‘Dash’ is man’s best friend – and a life saver for county man


Arnold and Vera Taylor of McCreary’s Ridge Road were searching for another mixed-breed border collie when they found one a few years ago at an animal shelter in Kentucky.

The couple brought the rescue dog home and named him ‘Dash’, and settled in to comfortable, retirement living.

Little did they know that Dash would turn out to be a good dog, but he would also be a lifesaving hero for their neighbor.

The rescue dog is credited with rescuing his friend.

Darrell Maggert is the Taylors neighbor on the ridge, and Arnold Taylor admits that even though Dash loves he and his wife, he really has affection for Maggart.

“Dash watches and when Darrell’s white pickup truck pulls in the driveway next door, he runs right over there,” Arnold said. “I’ve had him since he was a pup, but he likes Darrell more than he likes me.”

“I don’t know why he likes me so good,” Maggart said, “But when he sees my truck in the driveway, here he comes and if I stay two days, he’ll stay right over there the whole time with me.”

On Saturday, September 5th, Maggart went out to do some work on his deer stand in the woods near his home. As was normal, Dash tagged along.

While working on the stand, a metal hook that straps the stand to the tree snapped, sending Maggart falling 20 feet to the ground, and causing severe injuries. With a broken pelvis, a broken tailbone. and breaks in his back along with other injuries, Maggart couldn’t move or help himself.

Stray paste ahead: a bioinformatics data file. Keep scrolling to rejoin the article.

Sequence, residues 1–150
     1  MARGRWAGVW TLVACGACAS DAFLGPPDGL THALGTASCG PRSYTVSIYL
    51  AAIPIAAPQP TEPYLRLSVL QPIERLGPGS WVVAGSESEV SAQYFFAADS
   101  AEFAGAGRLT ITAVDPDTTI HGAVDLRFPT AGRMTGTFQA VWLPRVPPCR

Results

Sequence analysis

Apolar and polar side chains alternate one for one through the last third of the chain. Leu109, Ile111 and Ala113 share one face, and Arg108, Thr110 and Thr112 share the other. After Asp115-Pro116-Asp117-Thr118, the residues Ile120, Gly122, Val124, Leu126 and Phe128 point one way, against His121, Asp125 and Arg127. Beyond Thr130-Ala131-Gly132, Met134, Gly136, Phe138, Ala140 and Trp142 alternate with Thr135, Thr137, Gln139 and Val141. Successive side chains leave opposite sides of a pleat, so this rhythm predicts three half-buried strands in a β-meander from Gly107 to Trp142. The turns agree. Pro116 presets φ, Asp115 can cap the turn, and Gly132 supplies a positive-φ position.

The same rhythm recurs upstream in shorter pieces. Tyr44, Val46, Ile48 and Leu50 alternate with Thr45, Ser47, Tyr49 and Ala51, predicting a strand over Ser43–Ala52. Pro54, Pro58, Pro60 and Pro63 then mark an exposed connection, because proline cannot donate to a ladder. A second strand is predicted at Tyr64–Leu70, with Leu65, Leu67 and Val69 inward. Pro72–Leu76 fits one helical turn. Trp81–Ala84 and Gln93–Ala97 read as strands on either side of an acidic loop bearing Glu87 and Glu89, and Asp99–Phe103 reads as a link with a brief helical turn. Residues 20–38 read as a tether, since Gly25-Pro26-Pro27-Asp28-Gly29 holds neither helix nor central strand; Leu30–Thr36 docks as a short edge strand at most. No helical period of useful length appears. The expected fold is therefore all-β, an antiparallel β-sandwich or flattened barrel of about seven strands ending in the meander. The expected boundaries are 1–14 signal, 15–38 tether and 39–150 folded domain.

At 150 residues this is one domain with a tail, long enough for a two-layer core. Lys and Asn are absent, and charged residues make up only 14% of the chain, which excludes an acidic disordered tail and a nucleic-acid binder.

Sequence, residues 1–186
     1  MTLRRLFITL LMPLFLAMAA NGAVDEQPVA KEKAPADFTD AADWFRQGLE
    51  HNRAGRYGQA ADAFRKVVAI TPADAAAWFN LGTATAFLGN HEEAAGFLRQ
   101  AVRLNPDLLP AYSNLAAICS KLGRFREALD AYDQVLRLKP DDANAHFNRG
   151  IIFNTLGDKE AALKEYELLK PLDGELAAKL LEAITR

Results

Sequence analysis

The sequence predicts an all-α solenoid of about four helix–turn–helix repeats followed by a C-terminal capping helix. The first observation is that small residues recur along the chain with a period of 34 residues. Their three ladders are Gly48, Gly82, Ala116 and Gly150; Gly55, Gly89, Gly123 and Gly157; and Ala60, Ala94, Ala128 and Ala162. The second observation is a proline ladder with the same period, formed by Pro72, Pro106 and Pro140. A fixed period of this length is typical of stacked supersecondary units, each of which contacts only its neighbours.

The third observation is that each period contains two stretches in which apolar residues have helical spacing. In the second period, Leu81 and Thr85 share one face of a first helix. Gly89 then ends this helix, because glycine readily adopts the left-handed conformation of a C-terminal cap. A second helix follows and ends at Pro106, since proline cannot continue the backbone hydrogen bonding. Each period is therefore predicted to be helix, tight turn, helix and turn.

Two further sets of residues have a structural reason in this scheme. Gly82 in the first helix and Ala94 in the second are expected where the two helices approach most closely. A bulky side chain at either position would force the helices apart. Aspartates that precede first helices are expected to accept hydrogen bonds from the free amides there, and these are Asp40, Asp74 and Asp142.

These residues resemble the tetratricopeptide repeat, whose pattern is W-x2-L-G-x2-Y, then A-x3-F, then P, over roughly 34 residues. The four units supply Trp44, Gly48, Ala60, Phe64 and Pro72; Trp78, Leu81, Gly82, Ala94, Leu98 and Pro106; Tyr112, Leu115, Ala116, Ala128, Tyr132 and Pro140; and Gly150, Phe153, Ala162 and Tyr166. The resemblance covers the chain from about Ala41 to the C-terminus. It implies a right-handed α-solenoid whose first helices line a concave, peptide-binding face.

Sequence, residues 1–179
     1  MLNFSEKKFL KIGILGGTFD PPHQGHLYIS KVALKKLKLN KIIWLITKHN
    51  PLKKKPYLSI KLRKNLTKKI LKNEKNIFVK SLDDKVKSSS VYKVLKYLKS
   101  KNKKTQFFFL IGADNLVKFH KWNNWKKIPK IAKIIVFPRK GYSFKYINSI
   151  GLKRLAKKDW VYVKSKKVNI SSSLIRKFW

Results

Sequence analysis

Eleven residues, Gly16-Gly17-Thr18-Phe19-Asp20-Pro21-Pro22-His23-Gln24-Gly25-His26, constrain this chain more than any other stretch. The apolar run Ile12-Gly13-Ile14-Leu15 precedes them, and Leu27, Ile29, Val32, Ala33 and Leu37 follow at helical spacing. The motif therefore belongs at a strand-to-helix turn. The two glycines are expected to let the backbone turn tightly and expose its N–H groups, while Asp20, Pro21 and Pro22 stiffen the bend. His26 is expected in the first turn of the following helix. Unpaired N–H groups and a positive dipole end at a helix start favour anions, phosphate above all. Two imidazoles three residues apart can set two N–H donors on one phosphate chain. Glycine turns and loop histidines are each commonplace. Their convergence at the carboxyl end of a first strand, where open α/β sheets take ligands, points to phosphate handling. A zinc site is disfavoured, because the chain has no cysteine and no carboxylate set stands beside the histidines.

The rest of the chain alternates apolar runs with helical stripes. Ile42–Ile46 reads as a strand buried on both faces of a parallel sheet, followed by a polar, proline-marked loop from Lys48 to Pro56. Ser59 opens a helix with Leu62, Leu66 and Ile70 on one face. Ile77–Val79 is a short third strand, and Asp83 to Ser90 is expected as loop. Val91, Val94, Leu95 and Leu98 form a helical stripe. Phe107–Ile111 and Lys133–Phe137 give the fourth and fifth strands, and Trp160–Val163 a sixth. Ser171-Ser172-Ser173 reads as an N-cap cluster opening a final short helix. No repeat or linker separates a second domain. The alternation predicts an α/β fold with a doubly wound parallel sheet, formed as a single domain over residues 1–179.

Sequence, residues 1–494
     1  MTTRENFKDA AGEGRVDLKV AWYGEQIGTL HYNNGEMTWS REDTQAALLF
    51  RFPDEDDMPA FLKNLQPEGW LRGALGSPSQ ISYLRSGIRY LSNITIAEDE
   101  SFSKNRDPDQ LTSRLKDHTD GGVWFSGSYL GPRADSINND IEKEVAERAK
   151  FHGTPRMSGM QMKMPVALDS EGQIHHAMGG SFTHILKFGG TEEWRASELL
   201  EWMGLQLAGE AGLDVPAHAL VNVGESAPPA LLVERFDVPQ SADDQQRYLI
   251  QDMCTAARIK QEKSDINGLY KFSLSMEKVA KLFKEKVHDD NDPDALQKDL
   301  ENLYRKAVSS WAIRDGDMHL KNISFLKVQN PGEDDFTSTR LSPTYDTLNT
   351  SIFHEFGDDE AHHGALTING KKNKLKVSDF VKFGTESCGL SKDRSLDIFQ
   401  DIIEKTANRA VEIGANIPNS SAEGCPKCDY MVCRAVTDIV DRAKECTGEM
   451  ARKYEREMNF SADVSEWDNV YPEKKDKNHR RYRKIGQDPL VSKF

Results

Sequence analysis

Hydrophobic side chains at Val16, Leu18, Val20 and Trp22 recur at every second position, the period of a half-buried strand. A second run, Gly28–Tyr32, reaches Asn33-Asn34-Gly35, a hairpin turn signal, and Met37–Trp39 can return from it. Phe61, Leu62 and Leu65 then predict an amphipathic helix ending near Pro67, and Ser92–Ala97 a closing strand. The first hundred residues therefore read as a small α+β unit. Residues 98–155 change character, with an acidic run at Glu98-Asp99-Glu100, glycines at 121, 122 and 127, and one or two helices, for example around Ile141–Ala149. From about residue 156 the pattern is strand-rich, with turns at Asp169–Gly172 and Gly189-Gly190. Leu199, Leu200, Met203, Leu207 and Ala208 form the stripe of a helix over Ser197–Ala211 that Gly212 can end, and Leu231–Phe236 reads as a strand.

Luckily, he did have Dash.

Over the next 4 1/2 hours, Maggart laid helpless on the ground, while Dash stayed right by his side, protecting him.

“The doctors said that he saved Darrell’s life,” Arnold Taylor said. “He stayed right with him and didn’t leave him.”

“Right after I fell, I couldn’t move and I began sweating laying there,” Maggart said from his nursing home bed where he continues to recover and receive physical therapy for his injuries. “Once the sun started going down, I began to get cold because I was so sweaty. Dash laid on me and kept me warm until help got there.”

It was about 8:30 p.m. when Darrell’s wife, Fionia, who is Arnold Taylor’s cousin, came over to the Taylor home, worried that her husband hadn’t come home yet.

“I knew about where he was at, because I knew where the tree stand was,” Arnold said. “As I went down over the hill, Dash started barking to tell me where they were at. I was the first one to get to him.”

Emergency responders from East Enterprise, Florence, and Vevay all came to the scene to help get Maggart out of the woods, and after carefully loading him onto the back of Taylor’s ATV, they began the slow drive out of the woods and to medical help.

“They took him to University Hospital by helicopter when it first happened,” Arnold Taylor said. “It’s going to be awhile, because he’s not good. They won’t let him try to walk for quite awhile, because they had to put metal plates and they’ve got to wait until those heal up.”

The Taylors stopped and visited Maggart recently, and if in-patient therapy continues to go well, he is expected to come home this weekend.

Darrell Maggart can’t help but get emotional when he talks about Dash and the experience the two shared together.

“I was repairing my treestand, and working on the straps on it because the squirrels cut them and stuff, and it still had one good, strong one on it, so I thought it was safe. It felt ok, but buddy, when I got up on it, the strap didn’t break, the big metal hook broke, just like you sawed that sucker right in two.”